"No Dwelling: Homeless in America", Jerry Douglas, "Heart of Wilderness", and UNCG Spring Dance

"No Dwelling: Homeless in America", Jerry Douglas, "Heart of Wilderness", and UNCG Spring Dance

1:41pm Apr 17, 2015

No Dwelling: Homeless in America

No Dwelling: Homeless in America explores the causes behind homelessness and the toll it takes on those affected. As is quickly revealed in the play, the challenges that homeless people face on a day-to-day basis are enormous and the problem of homelessness is extremely widespread.

Nationally more than half a million Americans experience homelessness on any one given night in this country. Partners Ending Homelessness puts that figure at nearly 1,000 daily in Guilford County alone!

NC A&T State University in Greensboro is doing its part to change that statistic through this informative and artistic production which runs through April 26th in the Paul Robeson Theatre on the campus of North Carolina A&T State University Greensboro. No Dwelling: Homeless in America playwright Miller Lucky is also a professional actor, coach, director, author, and applied theatre and new works scientist. He’s joined by play consultant, substance abuse, and human services counselor, Rev. Tyrone Rigsby, and A&T student actors Dominique Williams and Jlaney Jenkins who perform this short spoken word piece from the play.

The play runs through April 26th with evening shows at 7 and Sunday matinees at 3 in the Paul Robeson Theatre on the campus of North Carolina A&T State University, 1601 East Market Street, Greensboro. After the Sunday, April 19th show, there’ll be a panel discussion and audience talk back with the playwright, Rev. Rigsby and others.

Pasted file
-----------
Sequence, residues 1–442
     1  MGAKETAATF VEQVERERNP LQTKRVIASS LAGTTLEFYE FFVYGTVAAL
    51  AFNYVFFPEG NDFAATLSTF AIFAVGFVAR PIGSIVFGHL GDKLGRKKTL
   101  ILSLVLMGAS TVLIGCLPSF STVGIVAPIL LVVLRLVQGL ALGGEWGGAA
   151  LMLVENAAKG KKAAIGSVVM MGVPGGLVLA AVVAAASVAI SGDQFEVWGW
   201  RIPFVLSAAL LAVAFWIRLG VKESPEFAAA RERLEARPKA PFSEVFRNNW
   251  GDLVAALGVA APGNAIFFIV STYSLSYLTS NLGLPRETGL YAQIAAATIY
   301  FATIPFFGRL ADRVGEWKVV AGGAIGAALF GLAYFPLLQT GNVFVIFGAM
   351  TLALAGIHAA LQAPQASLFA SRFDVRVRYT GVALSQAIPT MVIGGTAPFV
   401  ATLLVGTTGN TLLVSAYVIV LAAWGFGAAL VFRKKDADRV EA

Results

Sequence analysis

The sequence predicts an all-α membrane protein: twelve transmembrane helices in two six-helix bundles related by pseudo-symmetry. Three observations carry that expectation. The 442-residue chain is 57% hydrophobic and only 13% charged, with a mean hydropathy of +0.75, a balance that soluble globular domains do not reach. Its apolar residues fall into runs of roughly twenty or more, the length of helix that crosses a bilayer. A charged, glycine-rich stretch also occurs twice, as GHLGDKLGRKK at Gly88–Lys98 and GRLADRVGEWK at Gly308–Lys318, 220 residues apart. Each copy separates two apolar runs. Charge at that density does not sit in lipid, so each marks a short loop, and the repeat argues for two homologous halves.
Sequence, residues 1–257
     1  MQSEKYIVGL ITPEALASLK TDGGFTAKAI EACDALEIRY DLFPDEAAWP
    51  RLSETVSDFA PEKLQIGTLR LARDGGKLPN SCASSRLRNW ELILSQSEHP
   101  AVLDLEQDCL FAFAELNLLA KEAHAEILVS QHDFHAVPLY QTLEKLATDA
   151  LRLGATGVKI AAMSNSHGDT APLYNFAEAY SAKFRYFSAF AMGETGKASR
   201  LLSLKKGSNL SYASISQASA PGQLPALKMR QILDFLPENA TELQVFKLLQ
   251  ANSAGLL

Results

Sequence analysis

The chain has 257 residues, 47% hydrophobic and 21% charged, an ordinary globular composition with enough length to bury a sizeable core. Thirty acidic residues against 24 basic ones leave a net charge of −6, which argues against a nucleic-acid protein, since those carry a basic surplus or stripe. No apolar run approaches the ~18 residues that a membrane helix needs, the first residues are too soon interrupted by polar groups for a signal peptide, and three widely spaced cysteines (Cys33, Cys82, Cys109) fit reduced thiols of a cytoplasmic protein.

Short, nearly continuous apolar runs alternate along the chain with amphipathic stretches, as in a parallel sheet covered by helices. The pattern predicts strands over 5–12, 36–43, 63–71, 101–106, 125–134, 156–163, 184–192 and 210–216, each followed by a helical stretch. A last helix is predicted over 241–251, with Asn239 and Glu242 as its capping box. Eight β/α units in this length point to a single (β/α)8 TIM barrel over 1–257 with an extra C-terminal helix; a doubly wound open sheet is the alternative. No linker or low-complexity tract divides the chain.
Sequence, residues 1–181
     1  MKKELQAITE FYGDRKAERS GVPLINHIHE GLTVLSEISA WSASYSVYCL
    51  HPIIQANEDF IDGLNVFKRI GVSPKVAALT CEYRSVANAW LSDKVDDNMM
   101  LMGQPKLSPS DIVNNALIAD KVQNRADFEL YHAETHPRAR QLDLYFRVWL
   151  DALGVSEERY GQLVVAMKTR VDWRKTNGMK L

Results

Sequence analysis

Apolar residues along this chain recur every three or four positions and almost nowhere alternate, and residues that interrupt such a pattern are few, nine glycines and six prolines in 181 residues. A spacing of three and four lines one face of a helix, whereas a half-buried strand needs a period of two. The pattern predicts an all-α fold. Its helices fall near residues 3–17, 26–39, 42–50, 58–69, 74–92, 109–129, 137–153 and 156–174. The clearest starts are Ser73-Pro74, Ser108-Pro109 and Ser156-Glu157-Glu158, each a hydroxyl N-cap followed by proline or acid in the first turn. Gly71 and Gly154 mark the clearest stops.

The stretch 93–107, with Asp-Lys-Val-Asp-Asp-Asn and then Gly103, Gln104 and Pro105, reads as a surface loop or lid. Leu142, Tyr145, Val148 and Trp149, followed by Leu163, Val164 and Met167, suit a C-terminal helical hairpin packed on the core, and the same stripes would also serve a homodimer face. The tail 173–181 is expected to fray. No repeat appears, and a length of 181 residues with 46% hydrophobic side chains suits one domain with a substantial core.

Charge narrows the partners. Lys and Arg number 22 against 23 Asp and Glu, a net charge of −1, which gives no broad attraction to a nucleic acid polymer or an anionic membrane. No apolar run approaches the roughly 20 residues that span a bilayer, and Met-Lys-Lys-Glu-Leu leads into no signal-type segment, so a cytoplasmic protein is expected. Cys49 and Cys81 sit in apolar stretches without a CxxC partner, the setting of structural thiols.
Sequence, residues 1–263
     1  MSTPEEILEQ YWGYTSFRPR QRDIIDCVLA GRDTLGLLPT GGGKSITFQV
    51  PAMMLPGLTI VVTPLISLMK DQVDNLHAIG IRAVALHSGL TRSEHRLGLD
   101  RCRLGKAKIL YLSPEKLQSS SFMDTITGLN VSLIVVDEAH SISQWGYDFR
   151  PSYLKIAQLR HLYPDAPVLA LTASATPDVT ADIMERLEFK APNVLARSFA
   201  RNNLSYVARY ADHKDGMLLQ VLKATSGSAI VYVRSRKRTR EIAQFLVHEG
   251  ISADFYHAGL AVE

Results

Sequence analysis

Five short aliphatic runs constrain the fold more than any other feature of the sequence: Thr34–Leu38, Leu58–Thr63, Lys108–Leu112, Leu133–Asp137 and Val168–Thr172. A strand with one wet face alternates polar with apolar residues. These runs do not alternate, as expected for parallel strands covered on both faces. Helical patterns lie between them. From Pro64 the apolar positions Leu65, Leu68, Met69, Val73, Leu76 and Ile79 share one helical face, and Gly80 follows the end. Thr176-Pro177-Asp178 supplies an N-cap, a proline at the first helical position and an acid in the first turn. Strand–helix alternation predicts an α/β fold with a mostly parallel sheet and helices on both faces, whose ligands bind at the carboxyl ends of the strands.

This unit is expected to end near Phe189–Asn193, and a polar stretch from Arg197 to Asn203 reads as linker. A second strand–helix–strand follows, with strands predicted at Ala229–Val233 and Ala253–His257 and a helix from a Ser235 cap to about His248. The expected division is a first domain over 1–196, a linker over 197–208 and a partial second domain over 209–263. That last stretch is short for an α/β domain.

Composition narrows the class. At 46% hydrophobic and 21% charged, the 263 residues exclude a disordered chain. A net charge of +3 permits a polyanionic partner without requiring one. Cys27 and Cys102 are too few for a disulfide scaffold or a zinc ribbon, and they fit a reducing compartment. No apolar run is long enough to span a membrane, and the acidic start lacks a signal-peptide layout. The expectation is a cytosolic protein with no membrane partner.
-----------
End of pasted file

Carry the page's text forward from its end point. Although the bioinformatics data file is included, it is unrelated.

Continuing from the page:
Merlefest: Jerry Douglas

This year Merlefest runs from April 23rd through the 26th with close to 120 bands. And we’re not talking just ANY bands. These are the best of the best Bluegrass, OldTimey, New Grass traditional music bands in the country: Steep Canyon Rangers, The Avett Brothers, Bela Fleck and Abigail Washburn ,The Del McCoury Band, The Marshall Tucker Band, Earls of Leicester, Steep Canyon Rangers, Trampled By Turtles, Sam Bush Band, The Kruger Brothers, The Steel Wheels, Jim Lauderdale, The Honeycutters, Mipso,Wayne Henderson, and Farmer Jason over at the kids tent. 

And there's the world’s finest dobro player, Mr. Jerry Douglas and his Grammy Award winning band for 2014 Best Bluegrass album: The Earls of Leicester.

The dobro is a guitar you play on your lap. Its typically played with a steel slide, and it has a sound that’s kind of like a weeping banjo. You’d know it if you heard it ‘cause the dobro has appeared on countless songs, especially in bluegrass and country music. Based on statistics alone, if you’ve ever heard a recording of a dobro, there’s a good chance you heard it played by David's guest, Jerry Douglas.

Click on Jerry Douglas discography on his website and you’ll find 796 albums currently in the Douglas database, but even that staggering number is not complete. Jerry’s working on a new album of his own now, and he recently was kind enough to take some time off between mixing sessions at his home studio in Nashville to talk with me about Merlefest’s early beginnings, and we began with his decades-long career as a first call studio musician in Music City.